- Appreciation of what you have. Once you've spent a ton of time stuck in the pool, every run outside seems like a gift, not a chore. I've never found it so easy to step out of the door in 20 degree weather or harsh winds. Track workouts are treats, especially since pool-running workouts, if done correctly, hurt worse and for longer than anything you do on land.
And, you really can't justify skipping a run due to rain when your alternative is pool-running. You're going to be just as soaked either way!
- Non-running benefits. Get a waterproof iPod or similar, and the hours of pool-running give you an opportunity to catch up on your favorite podcasts (I choose not to run outside with an iPod due to safety concerns, so I can't use long solo runs this way).
Benefit #2 is the substantial reduction in shoe expenses that accompanies the reduction in land mileage (though this may be countered by the need to purchase new bathing suits, plus pool fees).
There's also a cosmetic benefit. I've suffered from bad acne nearly my entire life, and this is the first time that my facial skin has been consistently, beautifully clear. The fact that I no longer need my Retin-A is huge (and a cost saving that more than offsets any new bathing suit).
- Tedium. Yes, you're running more or less in place. Yes, you're seeing the same walls for hours. There are a few ways to address this though, and it also gets easier the more you do it.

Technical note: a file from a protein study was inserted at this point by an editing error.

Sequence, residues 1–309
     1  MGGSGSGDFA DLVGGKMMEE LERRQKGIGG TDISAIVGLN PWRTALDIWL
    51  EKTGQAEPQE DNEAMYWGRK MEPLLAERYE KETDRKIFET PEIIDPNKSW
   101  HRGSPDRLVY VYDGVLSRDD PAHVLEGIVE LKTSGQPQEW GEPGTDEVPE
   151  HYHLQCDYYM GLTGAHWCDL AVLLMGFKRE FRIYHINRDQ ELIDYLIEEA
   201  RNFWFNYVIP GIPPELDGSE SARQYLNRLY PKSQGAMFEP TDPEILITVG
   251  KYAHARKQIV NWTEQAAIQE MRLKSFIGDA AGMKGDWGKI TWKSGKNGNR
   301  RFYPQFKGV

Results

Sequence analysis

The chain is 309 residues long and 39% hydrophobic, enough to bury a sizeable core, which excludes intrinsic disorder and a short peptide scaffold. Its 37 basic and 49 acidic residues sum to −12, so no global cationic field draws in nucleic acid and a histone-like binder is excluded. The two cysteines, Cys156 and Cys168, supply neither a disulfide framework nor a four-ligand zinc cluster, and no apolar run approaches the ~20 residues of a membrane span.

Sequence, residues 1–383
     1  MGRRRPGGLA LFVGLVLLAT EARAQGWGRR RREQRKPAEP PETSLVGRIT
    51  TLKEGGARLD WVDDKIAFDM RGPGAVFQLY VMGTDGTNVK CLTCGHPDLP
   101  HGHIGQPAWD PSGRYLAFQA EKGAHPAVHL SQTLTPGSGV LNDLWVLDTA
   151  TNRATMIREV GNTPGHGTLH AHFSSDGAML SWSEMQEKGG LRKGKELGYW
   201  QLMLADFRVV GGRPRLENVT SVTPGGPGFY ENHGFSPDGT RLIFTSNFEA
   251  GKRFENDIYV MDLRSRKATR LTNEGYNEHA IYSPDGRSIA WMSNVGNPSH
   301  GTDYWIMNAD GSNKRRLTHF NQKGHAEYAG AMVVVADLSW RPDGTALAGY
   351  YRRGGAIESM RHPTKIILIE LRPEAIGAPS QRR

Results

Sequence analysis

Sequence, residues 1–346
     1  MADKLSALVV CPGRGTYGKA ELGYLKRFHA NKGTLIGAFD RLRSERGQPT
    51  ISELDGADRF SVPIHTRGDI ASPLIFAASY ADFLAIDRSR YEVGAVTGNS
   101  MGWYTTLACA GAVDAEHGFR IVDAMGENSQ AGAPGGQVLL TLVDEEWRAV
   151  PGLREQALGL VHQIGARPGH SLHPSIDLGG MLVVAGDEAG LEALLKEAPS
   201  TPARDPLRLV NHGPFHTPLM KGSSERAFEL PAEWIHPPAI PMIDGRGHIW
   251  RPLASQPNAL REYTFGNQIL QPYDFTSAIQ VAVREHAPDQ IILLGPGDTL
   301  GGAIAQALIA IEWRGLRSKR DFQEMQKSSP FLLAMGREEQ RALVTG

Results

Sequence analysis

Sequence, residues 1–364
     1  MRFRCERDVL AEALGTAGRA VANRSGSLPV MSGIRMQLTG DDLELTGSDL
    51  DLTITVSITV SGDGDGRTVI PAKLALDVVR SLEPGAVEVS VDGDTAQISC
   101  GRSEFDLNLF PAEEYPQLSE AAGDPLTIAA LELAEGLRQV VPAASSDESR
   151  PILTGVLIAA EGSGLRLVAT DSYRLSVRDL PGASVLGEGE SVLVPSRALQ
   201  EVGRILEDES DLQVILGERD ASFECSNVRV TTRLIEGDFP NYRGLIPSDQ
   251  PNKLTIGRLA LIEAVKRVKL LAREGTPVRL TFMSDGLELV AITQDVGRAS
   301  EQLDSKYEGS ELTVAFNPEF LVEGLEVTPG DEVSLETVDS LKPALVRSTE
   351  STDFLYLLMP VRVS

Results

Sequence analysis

- Lack of mental toughness. While pool-running workouts do hurt MORE than land-running workouts, they also hurt in a slightly different way. Your lungs burn more on land even with the lowered effort, and the legs hurt differently. Your first tempo or track workout or race will be an unaccustomed shock, and you need to be prepared for that.
- Lack of physical toughness. Running is a high-impact sport, and there's no getting around that. Pool-running does nothing to prepare your bones and tendons for handling impact, and the difference is miserably clear when you first return to land-running. As a corollary, pool-running clearly does very little to encourage bone-strengthening, since it is non-impact -- this is a concern to those of us with bone density issues.
I also can tell my lack of land-mileage at the end of tempos and races -- when I fatigue, my legs lose their strength and my form disintegrates much quicker than before, when I held a much higher mileage. I suspect that long progressive runs are key to addressing this.
- Pacing. Quite simply, my ability to accurate gauge my pace when running (which I used to be so proud of) has gone to heck. I attribute this to several things:
- When you're running in place, your inner GPS atrophies. You never have the opportunity to practice pacing when pool-running, and so you lose your feel for how effort translates to distance travelled.
- Using pool-running for your recovery means that your legs are deceptively fresh for your running days. In past days my legs were continually tired from high mileage, and thus functioned as a natural regulator. Now, my legs feel bouncy and zippy, and continually tempt me.
- As mentioned above, pool-running workouts are done at a much harder effort than land, in order to get the same benefit. When one first returns to track workouts, it's very hard to remember to tone back the effort level appropriately. Thus, you go out too hard, trying to hit a level of effort that is no longer necessary.